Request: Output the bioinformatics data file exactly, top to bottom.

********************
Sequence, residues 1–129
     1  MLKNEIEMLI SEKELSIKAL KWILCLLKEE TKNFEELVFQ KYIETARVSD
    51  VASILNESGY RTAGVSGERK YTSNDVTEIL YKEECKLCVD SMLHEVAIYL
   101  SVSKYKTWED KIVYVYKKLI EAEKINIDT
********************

Sequence, residues 1–129
     1  MLKNEIEMLI SEKELSIKAL KWILCLLKEE TKNFEELVFQ KYIETARVSD
    51  VASILNESGY RTAGVSGERK YTSNDVTEIL YKEECKLCVD SMLHEVAIYL
   101  SVSKYKTWED KIVYVYKKLI EAEKINIDT